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TitleDeclining sand dune activity in the southern Canadian prairies: historical context, controls and ecosystem implications
AuthorHugenholtz, C H; Bender, D; Wolfe, S A
SourceAeolian Research vol. 2, 2-3, 2010 p. 71-82, https://doi.org/10.1016/j.aeolia.2010.05.002
Year2010
Alt SeriesEarth Sciences Sector, Contribution Series 20090325
PublisherElsevier
Documentserial
Lang.English
Mediapaper; on-line; digital
File formatpdf
ProvinceAlberta; Manitoba; Saskatchewan
NTS62; 72; 82H; 82I; 82P
Lat/Long WENS-114.0000 -96.0000 52.0000 49.0000
Subjectssedimentology; surficial geology/geomorphology; dunes; eolian deposits; glacial deposits; Holocene; climatic fluctuations; vegetation; sands; sediment transport; erosion; paleoenvironment; ecosystems; biotic diversification; Cenozoic; Quaternary
Illustrationslocation maps; photographs; graphs
ProgramClimate Change Impacts and Adaptation for Key Economic and Natural Environment Sectors, Climate Change Geoscience
AbstractSandhills are islands of biodiversity in the southern Canadian prairies that sustain habitat for many rare and endangered species. These unique areas consist of large expanses of dune fields now mostly stabilized by grassland vegetation. Historically, the number of active dunes has decreased significantly due to vegetation stabilization, resulting in a dramatic decline of open-sand habitat for a variety of dunedependent species. Without a certain level of wind erosion, opportunities for establishment of earlystage, species-rich vegetation types are diminished and open-sand habitat decreases by encroachment of the surrounding grassland vegetation. The current trend of dune stabilization, however, implies that wind erosion is decreasing, thereby threatening the continued existence of a variety of dune-dependent plants, arthropods and vertebrates, as well as other less-specialized species that benefit indirectly from these habitats. By reviewing factors contributing to the historical decline of active dunes, as well as the ecological implications of dune stabilization, the aim of this paper is to establish the biophysical context for new land management strategies that conserve valued landscape components, such as active dunes, and the processes therein. As dune stabilization continues management interventions will be required to sustain or re-establish open sand and the species that rely on these habitats.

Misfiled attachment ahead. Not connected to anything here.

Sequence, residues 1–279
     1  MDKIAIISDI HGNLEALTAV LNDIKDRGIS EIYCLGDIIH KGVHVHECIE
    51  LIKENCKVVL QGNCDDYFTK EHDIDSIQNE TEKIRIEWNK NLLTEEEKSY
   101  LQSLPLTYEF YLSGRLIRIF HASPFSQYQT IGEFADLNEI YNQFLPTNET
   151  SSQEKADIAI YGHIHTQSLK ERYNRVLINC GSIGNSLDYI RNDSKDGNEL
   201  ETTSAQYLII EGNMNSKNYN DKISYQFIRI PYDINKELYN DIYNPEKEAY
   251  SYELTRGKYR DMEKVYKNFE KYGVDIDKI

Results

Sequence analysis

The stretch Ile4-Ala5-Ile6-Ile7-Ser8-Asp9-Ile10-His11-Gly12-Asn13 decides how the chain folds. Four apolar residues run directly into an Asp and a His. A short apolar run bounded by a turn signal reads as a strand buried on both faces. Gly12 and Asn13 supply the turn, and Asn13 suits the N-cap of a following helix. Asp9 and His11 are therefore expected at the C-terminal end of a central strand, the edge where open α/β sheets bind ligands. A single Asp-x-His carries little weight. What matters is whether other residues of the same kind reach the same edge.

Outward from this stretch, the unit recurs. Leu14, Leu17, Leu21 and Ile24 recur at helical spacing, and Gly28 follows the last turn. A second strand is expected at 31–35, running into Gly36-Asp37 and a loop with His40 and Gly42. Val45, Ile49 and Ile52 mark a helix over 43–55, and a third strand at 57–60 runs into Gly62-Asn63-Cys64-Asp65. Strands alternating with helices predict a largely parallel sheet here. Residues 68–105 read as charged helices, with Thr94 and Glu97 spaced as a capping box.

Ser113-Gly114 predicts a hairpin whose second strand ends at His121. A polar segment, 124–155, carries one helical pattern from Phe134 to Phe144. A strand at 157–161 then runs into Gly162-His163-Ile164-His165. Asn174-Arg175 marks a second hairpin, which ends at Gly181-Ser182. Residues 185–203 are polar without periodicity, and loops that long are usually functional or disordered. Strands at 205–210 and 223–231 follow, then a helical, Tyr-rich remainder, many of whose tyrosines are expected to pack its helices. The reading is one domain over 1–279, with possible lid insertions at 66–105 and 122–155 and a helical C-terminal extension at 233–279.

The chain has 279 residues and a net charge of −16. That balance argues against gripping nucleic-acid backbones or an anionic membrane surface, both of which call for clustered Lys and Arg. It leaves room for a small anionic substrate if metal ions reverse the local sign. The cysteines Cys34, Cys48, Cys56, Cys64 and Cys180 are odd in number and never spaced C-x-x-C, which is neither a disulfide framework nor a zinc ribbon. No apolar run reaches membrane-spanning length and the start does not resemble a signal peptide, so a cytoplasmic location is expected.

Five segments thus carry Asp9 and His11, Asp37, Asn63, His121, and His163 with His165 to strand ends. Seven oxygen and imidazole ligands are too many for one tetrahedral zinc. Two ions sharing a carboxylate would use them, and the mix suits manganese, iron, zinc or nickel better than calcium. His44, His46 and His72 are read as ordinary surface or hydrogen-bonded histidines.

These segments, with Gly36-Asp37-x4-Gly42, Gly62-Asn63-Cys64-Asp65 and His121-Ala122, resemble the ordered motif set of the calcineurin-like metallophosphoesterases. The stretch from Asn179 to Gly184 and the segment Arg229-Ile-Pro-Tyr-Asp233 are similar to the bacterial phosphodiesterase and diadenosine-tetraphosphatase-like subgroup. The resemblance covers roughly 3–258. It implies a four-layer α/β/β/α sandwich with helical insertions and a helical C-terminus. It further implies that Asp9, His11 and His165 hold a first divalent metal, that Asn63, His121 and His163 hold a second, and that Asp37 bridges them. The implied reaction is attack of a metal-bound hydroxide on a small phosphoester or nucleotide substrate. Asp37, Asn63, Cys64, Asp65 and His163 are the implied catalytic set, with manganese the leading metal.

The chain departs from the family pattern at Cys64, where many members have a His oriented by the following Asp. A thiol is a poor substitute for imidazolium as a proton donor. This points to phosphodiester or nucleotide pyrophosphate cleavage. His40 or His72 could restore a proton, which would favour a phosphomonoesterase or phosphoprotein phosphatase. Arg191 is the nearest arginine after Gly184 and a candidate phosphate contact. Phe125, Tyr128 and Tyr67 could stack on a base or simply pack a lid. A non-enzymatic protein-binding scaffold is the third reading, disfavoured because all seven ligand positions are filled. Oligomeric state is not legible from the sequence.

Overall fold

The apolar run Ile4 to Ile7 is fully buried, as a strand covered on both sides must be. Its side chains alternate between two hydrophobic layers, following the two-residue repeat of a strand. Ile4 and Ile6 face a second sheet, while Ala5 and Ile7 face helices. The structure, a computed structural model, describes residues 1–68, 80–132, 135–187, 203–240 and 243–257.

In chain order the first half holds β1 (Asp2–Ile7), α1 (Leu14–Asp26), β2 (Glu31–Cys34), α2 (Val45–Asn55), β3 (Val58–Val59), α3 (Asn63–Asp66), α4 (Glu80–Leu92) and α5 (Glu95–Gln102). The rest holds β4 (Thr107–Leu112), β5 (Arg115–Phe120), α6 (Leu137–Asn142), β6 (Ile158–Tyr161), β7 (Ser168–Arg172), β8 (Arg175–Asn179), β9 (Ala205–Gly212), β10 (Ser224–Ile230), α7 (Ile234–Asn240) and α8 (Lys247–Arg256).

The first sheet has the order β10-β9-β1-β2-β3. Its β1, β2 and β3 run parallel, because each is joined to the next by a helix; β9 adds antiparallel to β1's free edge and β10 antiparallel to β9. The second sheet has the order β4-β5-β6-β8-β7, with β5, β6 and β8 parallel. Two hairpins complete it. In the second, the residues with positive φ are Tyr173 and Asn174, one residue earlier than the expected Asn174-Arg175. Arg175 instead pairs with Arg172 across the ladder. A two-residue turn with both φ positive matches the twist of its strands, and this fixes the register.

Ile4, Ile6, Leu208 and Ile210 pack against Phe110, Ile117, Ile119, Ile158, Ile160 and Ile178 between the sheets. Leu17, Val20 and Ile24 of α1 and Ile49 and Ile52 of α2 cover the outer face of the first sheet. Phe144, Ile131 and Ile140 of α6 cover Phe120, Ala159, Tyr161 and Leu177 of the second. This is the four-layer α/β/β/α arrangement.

GEOSCAN ID261394